The following procedure was used to demonstrate the ability to co-cure into a composite at elevated temperatures. A 2.5 inch long aluminum airfoil coupon was used as a tool. On top of the tool was placed a release liner. Stacked on top of the release liner were 8 layers of pre-preg arranged in a 0°-90°-0° criss-cross configuration. The pre-preg layers were all cut into 2.5″3.5″ squares. On top of the pre-preg was placed a 1.25″×3.5″ sample of Example 1 film with no adhesive (as made in the previous example) side by side with a 1.25″×3.5″ sample of PPT 8542 (no adhesive), designated Example 4C. Another release liner was placed on top of the polyurethanes. The construct was placed on a vacuum table and covered with a rubber mat. Vacuum was pulled on the construct, sucking the rubber mat to the composite. The vacuum table was heated to 250° F. over the course of ten minutes. When the table reached 250° F., it was held at that temperature for an additional 10 minutes. The heat was turned off and vacuum remained on for an additional 5 minutes to help cool the table. After this, the composite was removed and inspected.
Various modifications and alterations of this invention will become apparent to those skilled in the art without departing from the scope and principles of this invention, and it should be understood that this invention is not to be unduly limited to the illustrative embodiments set forth hereinabove.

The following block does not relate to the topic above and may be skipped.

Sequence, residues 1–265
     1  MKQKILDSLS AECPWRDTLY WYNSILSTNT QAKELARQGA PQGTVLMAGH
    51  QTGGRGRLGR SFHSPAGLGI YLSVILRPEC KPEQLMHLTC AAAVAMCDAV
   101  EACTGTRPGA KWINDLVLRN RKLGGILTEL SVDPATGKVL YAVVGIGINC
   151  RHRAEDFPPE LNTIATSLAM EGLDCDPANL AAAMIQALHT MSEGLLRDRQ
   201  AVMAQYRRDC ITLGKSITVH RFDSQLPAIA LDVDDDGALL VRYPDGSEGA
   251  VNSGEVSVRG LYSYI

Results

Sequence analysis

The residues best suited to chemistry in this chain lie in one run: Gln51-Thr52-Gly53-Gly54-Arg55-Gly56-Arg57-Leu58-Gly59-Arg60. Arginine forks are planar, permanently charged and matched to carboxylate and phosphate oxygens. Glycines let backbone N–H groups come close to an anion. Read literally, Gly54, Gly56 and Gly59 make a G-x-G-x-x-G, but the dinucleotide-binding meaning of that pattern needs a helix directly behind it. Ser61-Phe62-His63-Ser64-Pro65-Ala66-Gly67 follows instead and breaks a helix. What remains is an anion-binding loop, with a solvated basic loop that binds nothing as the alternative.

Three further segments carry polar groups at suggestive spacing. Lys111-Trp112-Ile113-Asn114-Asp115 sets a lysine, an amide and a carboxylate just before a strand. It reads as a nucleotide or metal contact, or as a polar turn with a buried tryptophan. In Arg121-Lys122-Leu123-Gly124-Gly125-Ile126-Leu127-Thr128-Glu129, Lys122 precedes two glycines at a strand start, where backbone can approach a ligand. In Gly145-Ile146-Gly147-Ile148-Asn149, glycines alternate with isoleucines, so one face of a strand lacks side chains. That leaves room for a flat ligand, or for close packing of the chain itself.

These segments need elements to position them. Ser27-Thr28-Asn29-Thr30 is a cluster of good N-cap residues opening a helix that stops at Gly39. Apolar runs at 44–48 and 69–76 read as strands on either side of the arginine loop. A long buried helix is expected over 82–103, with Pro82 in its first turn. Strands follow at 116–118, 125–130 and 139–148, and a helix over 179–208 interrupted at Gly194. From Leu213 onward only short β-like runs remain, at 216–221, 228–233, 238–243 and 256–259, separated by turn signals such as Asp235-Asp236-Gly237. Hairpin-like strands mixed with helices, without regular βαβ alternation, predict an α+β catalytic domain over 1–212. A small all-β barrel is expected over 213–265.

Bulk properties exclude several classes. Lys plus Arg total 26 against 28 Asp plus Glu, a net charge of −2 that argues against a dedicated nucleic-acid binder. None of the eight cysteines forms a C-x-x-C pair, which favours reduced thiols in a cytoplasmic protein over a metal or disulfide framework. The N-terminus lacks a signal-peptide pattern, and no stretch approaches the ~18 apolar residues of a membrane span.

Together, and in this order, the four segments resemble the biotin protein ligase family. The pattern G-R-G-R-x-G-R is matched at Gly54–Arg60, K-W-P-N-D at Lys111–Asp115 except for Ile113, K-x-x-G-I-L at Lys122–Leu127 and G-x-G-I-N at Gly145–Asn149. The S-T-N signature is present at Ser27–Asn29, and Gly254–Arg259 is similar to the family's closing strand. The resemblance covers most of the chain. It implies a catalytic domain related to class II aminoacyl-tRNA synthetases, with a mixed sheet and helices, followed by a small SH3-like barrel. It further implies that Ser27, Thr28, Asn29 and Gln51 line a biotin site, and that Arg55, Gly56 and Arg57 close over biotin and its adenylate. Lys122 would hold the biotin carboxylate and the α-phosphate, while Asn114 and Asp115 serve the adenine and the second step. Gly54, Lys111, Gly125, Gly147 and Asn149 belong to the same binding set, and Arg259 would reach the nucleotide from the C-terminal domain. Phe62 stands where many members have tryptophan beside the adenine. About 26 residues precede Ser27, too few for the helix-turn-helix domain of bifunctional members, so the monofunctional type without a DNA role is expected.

1. A fiber reinforced resin matrix composite part comprising a resin matrix and an outermost surface layer differing in composition from the resin matrix, wherein the resin matrix is an organic thermosetting or thermoplastic material, wherein the outermost surface layer is in the form of an adhesive tape comprising a layer comprising crosslinked polymer selected from the group consisting of crosslinked polyurethane, crosslinked polyurea, and crosslinked mixed polyurethane/polyurea polymer, wherein the layer further comprises a non-crosslinked polymer that has formed a semi-interpenetrating polymer network (semi-IPN) with the crosslinked polymer, and an adhesive layer, wherein the adhesive layer is disposed between the resin matrix and the layer comprising crosslinked polymer.
2. The part according to claim 1 wherein the non-crosslinked polymer is selected from the group consisting of polyurethane, polyurea, and mixed polyurethane/polyurea polymer.
3. The part according to claim 1 wherein the crosslinked polymer additionally comprises an acrylate-containing component.
4. The part according to claim 2 wherein the crosslinked polymer additionally comprises an acrylate-containing component.
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Filed: Feb 6, 2009
Date of Patent: Dec 23, 2014
Patent Publication Number: 20090202825
Assignee: 3M Innovative Properties Company (St. Paul, MN)
Inventors: Ryan E. Marx (Rosemount, MN), Gerald F. Fleischhacker (White Bear Lake, MN)
Primary Examiner: Hai Vo
Assistant Examiner: Anish Desai
Application Number: 12/367,146
International Classification: B32B 7/12 (20060101); C08J 3/24 (20060101); C09J 175/04 (20060101); C09J 7/02 (20060101); C09J 175/02 (20060101); C08L 75/04 (20060101); C08L 33/00 (20060101);